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Published on May 10, 2012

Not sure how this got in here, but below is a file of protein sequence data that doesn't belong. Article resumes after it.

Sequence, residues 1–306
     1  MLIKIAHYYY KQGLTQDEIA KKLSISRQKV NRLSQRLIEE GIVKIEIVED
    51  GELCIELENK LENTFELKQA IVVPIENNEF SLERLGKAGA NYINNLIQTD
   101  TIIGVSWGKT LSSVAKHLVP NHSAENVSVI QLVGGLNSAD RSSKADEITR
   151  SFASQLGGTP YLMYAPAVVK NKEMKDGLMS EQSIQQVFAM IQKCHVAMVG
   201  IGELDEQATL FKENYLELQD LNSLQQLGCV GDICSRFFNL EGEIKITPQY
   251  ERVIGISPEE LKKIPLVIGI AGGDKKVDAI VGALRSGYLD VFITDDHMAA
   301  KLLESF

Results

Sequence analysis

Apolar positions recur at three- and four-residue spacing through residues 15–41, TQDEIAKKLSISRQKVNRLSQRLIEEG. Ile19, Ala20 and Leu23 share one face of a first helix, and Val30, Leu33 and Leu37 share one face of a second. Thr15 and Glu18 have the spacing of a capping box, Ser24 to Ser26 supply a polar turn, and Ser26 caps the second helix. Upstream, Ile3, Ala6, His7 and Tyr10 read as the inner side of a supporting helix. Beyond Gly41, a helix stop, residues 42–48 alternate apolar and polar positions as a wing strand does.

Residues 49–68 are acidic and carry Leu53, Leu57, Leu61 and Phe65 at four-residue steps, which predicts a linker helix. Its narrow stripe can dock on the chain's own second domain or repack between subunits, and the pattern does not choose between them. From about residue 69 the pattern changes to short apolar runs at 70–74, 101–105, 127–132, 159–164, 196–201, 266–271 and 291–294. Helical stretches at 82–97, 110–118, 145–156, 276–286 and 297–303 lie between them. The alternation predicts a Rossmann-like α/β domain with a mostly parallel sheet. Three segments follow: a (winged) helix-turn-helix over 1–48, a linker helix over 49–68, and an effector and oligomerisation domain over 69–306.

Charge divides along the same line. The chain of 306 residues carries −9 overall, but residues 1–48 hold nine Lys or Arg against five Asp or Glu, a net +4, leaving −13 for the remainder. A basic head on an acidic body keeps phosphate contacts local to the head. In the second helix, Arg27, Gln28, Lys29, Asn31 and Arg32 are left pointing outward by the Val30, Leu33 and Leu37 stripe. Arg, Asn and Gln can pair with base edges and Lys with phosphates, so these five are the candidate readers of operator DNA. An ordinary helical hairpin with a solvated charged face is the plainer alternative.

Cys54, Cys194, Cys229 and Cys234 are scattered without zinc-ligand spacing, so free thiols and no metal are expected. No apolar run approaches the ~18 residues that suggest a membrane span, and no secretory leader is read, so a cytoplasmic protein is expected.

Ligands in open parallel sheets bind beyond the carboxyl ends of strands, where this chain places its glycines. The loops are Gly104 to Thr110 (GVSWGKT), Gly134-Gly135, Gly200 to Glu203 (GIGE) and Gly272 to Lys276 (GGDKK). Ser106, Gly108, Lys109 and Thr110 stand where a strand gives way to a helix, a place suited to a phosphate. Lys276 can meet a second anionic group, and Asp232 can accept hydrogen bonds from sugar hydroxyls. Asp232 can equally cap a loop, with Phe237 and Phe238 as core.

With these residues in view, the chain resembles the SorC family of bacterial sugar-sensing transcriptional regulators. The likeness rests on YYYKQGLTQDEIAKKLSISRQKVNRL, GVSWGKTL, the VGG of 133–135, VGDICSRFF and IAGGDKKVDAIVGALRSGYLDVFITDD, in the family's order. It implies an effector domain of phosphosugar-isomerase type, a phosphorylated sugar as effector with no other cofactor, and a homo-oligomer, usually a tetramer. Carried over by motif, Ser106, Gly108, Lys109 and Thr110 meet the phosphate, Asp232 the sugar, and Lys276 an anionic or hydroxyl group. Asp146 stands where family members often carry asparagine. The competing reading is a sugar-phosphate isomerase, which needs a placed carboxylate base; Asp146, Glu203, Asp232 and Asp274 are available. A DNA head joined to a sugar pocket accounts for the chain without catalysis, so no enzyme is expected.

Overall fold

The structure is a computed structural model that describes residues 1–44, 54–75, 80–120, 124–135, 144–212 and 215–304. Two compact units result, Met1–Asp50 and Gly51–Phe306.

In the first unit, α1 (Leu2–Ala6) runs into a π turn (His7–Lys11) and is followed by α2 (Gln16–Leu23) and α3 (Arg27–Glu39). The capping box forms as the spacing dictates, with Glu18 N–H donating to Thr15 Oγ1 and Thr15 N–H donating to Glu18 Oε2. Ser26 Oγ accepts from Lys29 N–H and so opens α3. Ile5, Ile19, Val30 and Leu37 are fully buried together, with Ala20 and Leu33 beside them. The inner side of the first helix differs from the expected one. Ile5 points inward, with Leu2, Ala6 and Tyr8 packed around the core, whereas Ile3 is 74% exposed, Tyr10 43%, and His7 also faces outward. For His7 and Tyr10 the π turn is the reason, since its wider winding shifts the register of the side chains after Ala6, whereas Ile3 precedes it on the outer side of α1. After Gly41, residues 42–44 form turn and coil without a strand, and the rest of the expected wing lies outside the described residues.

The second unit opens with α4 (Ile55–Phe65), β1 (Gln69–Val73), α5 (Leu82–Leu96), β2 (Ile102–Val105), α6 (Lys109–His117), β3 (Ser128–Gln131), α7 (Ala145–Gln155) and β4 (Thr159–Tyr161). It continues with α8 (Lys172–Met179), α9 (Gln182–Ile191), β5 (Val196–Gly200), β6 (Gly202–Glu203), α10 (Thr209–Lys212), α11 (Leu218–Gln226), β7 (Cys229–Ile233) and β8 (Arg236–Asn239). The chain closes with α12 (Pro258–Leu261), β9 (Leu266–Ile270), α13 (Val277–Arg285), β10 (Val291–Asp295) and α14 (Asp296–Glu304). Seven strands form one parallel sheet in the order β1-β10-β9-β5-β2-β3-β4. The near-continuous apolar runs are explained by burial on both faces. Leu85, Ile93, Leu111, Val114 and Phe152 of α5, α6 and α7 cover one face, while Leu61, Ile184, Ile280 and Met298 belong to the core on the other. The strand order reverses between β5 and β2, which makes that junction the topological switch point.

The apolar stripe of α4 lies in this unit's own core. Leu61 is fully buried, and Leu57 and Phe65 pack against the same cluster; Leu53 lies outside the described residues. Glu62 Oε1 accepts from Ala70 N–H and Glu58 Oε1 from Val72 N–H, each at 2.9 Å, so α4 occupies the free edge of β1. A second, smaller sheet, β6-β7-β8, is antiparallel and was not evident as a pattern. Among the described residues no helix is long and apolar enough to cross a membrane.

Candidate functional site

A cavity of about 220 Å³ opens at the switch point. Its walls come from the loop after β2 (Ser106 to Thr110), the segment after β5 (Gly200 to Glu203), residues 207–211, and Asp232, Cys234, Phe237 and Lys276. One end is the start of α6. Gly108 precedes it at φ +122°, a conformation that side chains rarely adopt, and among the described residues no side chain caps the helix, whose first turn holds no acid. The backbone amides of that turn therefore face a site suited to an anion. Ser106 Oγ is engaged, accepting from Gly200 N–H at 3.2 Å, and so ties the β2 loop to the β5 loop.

we were just on the edge of fort kearney on the edge of the desert when the drugs took hold. fort kearney is what the world would be doing saturday night if the indians had won the war. as your attorney i am going to have advise you to travel at a grueling pace. matt's general store was closed, but the salesman said he could wait if we hurry. we were delayed en route when a conestoga wagon in front of us killed a pedestrian. so now, less than five years later, you can go up on a steep hill in chimney rock and look west, and with the right kind of eyes you can almost see the high-water mark--the place where the wave finally broke and rolled back. we had two sets of clothing, seventy-five boxes of bullets, five spare wagon wheels, a wagon tongue, and a 150lbs collection of multi colored breads, cornmeal, vegetables... also, a quart of water, a quart of molasses, and two dozen yoke of oxen. not that we needed all that for the trip, but once you get into a serious general sundries collection, the tendency is to push it as far as you can. the only thing that really worried me was the cornmeal. there is nothing in the world more helpless and irresponsible and depraved than a man in the depths of a cornmeal binge, and i knew we'd get into that rotten stuff pretty soon. strange memories on this nervous night in oregon. five years later? six? it seems like a lifetime, or at least a main era--the kind of peak that never comes again. big blue river crossing in the middle 1860s was a very special time and place to be a part of. maybe it meant something. maybe not, in the long run, but no explanation, no mix of words or music or memories can touch that sense of knowing that you were there and alive in that corner of time and the world. whatever it meant.